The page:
Besides what your brand book dictates, make sure that you understand the local connotations behind gender roles, animals, colors, and numbers. Consider what type of pictures or expressions you are using that might be considered offensive in a specific country or culture, and replace them with “neutral” or localized versions. It's essential to use images that people can relate to, but also reinforce the message. 

    Having a team member with a deep connection or understanding of your target market can help you navigate these visual elements. 

     

    5. “Transcreate” Your Content

    You've already learned that it’s not enough to simply translate your Marketing materials into a new language and leave it at that; your content team needs to be able to convey Marketing messages to the target audience with the same intent and reasoning as the original content. 

    Figures of speech, idioms, cultural references, and jargon or acronyms can’t be translated literally to other languages; if so, it may change the meaning of your message and may confuse or even offend your audience.

    That's why we recommend moving beyond a literal translation to a more conceptual translation, and that’s what “transcreation” is all about. By transcreating your content, your target audience will interpret your messages as if they were originally written in their own language. There will be no hint that a translation was involved.

    To do this, it’s important that you brief your translation team on the direction each Marketing campaign should take. Key factors to include in your brief include:

    • The content background and context
    • The target audience and if possible, specific Buyer Personas
    • The stage of the Buyer's Journey associate with this content
    • The goal/objective of the Marketing campaign
    • The main focus, or the most important thing to share/show
    • Channels that will be used
    • Key selling arguments
    • The length and format of the content

     

    6. Decide Which Blog Posts to Translate

    SEO is the most important aspect when translating marketing materialsBlog posts are one of the most valuable content formats, so blogging forms an important piece of expanding your business's online presence in international markets. Blog posts show your knowledge or authority on a specific topic, and serve to attract and educate potential customers on your industry, products, and services. If you want to attract traffic to your blog in new markets, you need to properly adapt your current blog content.

    If you already have an extensive blog, the goal here isn't to translate each and every post you have and hope for the best. Instead, you must analyze your posts and divide them into 3 categories: 

    1. Direct translation: Blog posts that can be directly and easily translated into the target language without altering the message's core meaning. This could include posts that describe product features. 
    2. Re-write: Posts that need to be partially or fully rewritten, or have elements that must adapted for a local audience. For example, a post with statistics about one country would need to be edited with statistics relevant to the target market.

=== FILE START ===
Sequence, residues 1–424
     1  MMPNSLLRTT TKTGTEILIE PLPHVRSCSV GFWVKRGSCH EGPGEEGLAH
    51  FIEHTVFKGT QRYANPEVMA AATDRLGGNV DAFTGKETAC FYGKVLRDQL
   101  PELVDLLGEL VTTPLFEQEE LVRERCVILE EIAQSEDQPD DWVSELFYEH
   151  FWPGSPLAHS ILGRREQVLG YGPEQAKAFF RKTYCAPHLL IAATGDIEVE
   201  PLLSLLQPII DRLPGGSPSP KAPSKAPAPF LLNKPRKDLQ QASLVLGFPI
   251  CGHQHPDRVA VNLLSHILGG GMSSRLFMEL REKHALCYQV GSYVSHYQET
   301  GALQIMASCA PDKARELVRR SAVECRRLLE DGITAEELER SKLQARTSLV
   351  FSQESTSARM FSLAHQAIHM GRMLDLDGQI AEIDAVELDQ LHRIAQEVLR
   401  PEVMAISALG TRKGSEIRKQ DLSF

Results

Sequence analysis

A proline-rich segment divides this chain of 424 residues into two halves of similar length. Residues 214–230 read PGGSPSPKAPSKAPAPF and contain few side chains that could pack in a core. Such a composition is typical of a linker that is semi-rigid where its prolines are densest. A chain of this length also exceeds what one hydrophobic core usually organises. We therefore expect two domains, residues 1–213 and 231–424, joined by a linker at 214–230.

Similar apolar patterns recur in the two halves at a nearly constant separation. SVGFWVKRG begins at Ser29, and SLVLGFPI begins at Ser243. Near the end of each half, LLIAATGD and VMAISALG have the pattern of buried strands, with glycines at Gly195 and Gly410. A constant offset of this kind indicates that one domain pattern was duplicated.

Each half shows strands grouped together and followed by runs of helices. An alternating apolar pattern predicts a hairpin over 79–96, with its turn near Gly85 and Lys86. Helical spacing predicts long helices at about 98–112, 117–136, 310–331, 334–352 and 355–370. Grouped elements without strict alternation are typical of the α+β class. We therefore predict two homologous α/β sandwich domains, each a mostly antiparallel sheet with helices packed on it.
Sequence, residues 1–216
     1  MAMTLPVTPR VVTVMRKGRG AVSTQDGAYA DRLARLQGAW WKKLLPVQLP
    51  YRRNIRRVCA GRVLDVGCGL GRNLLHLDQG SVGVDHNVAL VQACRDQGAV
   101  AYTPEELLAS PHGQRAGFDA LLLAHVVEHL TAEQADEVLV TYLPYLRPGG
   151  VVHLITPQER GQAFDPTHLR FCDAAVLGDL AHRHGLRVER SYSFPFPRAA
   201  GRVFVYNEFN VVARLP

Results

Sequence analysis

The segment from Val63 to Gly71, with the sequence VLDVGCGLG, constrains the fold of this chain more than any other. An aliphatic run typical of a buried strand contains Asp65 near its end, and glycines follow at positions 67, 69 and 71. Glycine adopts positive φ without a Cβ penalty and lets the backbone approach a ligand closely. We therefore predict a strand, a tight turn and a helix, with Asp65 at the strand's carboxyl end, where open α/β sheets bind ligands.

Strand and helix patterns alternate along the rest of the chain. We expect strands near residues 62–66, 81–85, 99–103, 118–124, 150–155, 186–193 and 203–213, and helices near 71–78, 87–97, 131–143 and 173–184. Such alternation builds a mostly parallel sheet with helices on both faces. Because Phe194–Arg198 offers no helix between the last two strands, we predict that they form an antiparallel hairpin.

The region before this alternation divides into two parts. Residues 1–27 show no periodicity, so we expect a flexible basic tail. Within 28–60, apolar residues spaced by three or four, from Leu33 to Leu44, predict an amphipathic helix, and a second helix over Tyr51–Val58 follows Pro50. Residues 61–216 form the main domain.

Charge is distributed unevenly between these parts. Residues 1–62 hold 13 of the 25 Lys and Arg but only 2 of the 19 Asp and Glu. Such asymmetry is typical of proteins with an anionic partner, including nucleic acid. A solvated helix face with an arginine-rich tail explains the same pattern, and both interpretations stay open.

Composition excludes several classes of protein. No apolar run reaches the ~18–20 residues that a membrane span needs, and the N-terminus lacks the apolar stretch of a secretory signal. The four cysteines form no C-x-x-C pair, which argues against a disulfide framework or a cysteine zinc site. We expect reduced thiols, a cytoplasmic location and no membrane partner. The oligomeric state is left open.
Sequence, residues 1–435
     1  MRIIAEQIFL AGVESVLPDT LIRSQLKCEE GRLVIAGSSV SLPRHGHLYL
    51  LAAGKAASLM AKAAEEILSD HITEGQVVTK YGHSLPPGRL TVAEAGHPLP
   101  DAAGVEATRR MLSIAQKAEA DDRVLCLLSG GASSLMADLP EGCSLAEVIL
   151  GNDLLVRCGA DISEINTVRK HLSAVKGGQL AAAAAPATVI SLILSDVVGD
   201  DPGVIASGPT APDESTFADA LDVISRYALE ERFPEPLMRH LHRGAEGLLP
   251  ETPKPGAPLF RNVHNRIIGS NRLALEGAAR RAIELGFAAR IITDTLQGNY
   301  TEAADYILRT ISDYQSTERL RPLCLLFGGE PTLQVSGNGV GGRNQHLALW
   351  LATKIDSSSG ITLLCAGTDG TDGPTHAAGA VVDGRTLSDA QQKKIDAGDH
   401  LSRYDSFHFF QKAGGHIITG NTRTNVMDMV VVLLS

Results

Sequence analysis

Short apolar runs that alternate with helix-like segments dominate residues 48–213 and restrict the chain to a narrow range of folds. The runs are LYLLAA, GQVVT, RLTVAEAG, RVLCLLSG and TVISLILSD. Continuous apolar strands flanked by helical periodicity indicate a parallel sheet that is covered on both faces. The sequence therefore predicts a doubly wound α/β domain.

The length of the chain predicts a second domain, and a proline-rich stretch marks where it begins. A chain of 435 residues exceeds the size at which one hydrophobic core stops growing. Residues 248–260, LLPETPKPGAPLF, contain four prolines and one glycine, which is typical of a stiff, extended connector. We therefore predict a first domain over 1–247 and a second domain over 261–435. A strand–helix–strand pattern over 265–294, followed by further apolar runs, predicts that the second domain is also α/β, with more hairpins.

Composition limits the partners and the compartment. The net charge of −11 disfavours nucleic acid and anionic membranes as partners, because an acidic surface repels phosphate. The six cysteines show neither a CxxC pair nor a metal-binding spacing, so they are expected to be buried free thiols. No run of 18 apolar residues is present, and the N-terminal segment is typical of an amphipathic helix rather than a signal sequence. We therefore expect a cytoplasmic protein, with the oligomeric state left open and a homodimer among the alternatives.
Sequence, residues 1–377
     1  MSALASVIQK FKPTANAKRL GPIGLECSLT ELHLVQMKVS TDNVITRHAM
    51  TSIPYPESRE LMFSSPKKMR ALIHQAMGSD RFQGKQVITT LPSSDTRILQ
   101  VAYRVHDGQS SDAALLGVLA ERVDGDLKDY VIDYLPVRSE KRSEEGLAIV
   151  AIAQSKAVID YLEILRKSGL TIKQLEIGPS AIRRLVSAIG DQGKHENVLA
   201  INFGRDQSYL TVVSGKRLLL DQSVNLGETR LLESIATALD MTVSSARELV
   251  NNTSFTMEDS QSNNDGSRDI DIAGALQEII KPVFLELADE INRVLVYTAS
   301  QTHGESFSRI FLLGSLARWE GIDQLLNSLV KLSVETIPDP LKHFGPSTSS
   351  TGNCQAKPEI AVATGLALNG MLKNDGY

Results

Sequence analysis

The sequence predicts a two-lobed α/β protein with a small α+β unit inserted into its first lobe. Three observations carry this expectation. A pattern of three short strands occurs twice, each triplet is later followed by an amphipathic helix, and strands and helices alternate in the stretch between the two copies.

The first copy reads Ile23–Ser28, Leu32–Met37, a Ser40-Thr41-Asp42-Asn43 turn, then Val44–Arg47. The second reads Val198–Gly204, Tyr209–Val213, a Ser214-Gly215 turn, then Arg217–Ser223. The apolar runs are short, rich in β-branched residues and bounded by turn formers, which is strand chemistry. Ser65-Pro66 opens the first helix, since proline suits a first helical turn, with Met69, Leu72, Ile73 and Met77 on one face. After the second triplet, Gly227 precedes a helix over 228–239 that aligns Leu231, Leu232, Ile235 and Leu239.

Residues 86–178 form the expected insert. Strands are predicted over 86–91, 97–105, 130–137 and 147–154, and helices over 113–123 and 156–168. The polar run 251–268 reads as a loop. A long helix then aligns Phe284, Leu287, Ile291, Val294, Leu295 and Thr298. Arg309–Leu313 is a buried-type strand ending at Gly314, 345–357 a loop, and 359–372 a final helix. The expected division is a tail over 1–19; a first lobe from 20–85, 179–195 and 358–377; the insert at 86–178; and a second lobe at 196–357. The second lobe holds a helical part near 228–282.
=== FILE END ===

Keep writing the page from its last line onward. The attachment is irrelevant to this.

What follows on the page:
3. Exclude: These are blog posts that are not relevant to the new market and should not be translated at all, like a write-up about an event that took place in a certain country and would only interest customers in that area. 
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    7. Perform Keyword Research & SEO

    In line with attracting traffic within your new market, you should already know that Search Engine Optimization and Keyword Research will make up a huge part of your content strategy. If you don't take this into account, your content may fail to serve its purpose and all the effort you spent entering a new market will have been a waste.  

    First of all, you need to understand the strategy of Pillar Pages and Topic Clusters, so that you can plan a series of interrelated content pieces to translate and optimize for SEO. Makes sure that your team knows the basics of SEO or that you have an expert SEO partner to help you in this task. 

    Secondly, you need to perform keyword research in your target language and country. An effective keyword that helped you rank highly on search engines in one region might not have a high traffic volume in other areas. Conversely, it might be too competitive to rank for. In addition, you will want to research keyword variations in the local language (your expert copywriter/translator can help you think of keyword ideas and variations). 

     

    If you're ready to attract more prospects to your business through expertly translated Marketing materials, use the best practices listed in this article to get started.

    Looking for a partner to take care content adaptation for you? mbudo has a team of expert content creators in English, Spanish, Portuguese, Russian, German, Italian, and French, that will understand your business objectives and transcreate your content for you. We make sure that your Marketing campaigns will successfully be launched in international markets while respecting your brand voice and identity.

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    Leo Fornasari

    Leo Fornasari

    Leo is a graduated student on Business Management collaborating with mbudo on Inbound content and campaigns. He learns more about Inbound each day by gaining more HubSpot certifications. Leo is passionate about different cultures and he prides himself on his language skills, which are important for foreign business relations.